Silicon Quantum Computing Closes $50.4 Million Series A, Falls Short of Initial $130 Million Goal

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SQC team
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Insider Brief

  • Silicon Quantum Computing reportedly closed a $50.4 million (AUS) in Series A.
  • Last year, company executives said they were shooting for around $130 million.
  • Investors include the Commonwealth Government, the Commonwealth Bank of Australia (CBA), Telstra and the University of New South Wales.
  • Image: SQC provided

Silicon Quantum Computing reportedly closed a $50.4 million in Series A, according to a company release.

The investors in this round include the Commonwealth Government and some of Australia’s most prominent institutions, including the Commonwealth Bank of Australia (CBA), Telstra and the University of New South Wales (UNSW).

According to the statement, the Series A round was priced at $1.75 per share, meaning that  SQC’s valuation is around $195.3 million, which more than doubles previous valuation of $82.8 million.

“SQC has a globally unique technology to manufacture processors with atomic precision, and this approach to building a quantum computer has many advantages over our multinational competitors,” said Michelle Simmons, CEO of SQC, said in the statement. “History has shown that emerging technology ecosystems cluster around organisations that manufacture. Backed by this funding and our team of incredibly talented physicists and engineers from around the world, SQC is well placed to become a central hardware manufacturing hub for the quantum computing industry, both in Australia and globally.”

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The company received praise from investors and partners.

Kim Krogh Andersen, Group Executive Product & Technology at Telstra, said “We’re a big believer in the potential of quantum computing to transform industries and solve some of world’s problems that challenge us today. This potential and our belief in Michelle Simmons and the SQC team is why we’re a foundation investor and continue to support the innovative work they’re doing.”

Brendan Hopper, CBA Chief Information Officer for technology, said he is positive about SQC’s future business prospects.

“As an early stage Investor in SQC, we can see the economic and business opportunities that could be opened up through the development of a locally-based quantum computing sector by a recognized Australian leader in this field,” Hopper said in the statement. “The work being done by Professor Simmons and her team is of national and international significance and we are proud to be supporting the next phase of SQC’s growth.”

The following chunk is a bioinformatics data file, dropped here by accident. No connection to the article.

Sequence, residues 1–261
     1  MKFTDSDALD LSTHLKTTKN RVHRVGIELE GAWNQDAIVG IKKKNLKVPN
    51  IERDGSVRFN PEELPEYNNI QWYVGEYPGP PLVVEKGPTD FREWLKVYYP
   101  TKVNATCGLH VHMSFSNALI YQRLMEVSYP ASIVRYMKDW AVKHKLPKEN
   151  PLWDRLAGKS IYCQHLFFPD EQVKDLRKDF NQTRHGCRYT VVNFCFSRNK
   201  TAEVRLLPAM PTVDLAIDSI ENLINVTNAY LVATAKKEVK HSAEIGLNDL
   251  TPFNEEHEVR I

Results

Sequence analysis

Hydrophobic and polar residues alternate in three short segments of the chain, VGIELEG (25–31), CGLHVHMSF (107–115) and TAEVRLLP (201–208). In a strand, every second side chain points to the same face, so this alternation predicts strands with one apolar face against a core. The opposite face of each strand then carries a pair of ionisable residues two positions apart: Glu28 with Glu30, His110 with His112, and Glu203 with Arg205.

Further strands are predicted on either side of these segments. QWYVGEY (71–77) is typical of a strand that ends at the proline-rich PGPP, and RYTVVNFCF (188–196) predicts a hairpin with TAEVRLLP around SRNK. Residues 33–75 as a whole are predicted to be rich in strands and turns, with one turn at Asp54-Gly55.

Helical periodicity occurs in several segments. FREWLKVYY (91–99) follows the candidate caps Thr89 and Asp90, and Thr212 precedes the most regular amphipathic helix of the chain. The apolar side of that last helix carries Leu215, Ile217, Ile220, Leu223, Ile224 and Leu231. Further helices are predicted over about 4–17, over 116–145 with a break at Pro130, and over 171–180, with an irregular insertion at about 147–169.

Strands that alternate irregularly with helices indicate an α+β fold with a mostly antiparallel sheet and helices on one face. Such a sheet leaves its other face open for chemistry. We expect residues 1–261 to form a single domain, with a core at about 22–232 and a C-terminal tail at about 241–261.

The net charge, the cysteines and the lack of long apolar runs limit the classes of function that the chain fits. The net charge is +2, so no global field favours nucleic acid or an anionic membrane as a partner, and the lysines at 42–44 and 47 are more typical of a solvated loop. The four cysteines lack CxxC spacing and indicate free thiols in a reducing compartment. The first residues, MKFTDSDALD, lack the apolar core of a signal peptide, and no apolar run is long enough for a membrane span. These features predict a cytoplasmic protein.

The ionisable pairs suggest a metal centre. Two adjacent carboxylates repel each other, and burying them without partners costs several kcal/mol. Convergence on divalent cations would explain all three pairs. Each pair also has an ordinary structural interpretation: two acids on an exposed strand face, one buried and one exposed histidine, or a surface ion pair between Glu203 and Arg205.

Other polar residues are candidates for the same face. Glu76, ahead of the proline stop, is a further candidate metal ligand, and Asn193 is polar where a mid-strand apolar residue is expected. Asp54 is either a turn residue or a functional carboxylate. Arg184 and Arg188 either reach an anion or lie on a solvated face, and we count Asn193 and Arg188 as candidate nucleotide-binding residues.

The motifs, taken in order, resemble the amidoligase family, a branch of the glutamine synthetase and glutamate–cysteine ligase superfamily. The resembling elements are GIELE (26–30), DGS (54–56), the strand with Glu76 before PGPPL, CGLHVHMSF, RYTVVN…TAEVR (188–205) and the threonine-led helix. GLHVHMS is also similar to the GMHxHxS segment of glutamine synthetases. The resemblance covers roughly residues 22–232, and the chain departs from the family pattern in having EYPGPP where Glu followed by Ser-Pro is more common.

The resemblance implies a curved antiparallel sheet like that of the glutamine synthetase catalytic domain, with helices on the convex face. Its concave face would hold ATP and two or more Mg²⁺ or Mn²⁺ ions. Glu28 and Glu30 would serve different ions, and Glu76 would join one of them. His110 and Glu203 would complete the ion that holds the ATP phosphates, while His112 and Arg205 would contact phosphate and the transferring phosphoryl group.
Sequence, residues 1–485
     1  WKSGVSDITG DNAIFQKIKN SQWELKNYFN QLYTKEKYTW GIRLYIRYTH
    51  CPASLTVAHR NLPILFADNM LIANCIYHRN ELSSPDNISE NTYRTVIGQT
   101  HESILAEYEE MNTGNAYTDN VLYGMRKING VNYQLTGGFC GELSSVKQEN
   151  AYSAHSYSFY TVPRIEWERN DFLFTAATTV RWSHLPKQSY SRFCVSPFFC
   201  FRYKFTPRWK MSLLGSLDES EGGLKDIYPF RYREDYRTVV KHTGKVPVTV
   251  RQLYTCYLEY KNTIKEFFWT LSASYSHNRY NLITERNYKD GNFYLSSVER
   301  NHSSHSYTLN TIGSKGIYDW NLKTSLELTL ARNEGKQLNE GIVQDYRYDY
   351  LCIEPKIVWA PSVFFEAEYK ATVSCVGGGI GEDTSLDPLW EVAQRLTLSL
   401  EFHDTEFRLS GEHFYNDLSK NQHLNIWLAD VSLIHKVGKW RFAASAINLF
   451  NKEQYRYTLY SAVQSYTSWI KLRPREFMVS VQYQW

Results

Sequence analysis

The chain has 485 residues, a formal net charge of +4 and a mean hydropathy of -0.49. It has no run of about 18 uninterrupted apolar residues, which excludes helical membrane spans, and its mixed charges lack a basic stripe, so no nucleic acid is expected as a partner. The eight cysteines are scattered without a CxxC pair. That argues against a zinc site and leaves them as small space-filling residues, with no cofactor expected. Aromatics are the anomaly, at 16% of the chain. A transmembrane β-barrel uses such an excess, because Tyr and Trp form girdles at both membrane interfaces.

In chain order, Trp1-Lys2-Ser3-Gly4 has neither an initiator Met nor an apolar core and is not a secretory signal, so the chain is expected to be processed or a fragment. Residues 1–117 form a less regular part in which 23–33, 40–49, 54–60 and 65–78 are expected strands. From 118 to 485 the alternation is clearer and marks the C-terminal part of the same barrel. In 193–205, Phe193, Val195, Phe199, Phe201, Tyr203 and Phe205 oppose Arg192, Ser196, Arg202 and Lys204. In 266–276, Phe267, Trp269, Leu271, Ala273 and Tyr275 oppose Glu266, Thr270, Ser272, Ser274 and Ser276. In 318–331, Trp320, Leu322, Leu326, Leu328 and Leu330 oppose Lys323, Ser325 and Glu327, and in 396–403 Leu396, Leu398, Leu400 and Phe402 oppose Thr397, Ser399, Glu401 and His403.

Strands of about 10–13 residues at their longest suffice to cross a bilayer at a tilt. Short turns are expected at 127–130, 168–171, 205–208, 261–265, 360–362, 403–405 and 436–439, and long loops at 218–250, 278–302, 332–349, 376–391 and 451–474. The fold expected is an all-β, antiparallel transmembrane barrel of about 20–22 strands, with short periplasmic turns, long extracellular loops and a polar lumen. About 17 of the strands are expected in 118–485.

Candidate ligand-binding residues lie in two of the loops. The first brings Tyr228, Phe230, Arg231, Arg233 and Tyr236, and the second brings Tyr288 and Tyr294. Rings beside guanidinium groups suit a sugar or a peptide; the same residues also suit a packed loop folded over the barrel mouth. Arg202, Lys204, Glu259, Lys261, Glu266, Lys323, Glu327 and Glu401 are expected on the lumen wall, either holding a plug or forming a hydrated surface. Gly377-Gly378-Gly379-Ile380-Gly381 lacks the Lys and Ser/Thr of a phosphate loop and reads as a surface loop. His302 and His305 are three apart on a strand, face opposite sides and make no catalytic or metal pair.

Below Last Year’s Goal

The raise is still just over a third of the $130 million the company was aiming at last year when they started the raise. But, it’s a number, according to the startup’s executive team, they can live with.

“We’ve raised just the right amount of capital to keep us going without having to give too much of the company away,” she told the AFR.

SQC Chair, Stephen Menzies, in terms of the overall size of SQC’s raise, said: “We are happy to achieve an up-round in such a tight funding environment. In periods where capital is expensive, we see it as advantageous to defer a bigger raise.”

The Australian Government released its National Quantum Strategy in May 2023, alongside the updated List of Critical Technologies in the National Interest, in which quantum technologies is a priority field.

For more market insights, check out our latest quantum computing news here.

Matt Swayne

With a several-decades long background in journalism and communications, Matt Swayne has worked as a science communicator for an R1 university for more than 12 years, specializing in translating high tech and deep tech for the general audience. He has served as a writer, editor and analyst at The Quantum Insider since its inception. In addition to his service as a science communicator, Matt also develops courses to improve the media and communications skills of scientists and has taught courses. [email protected]

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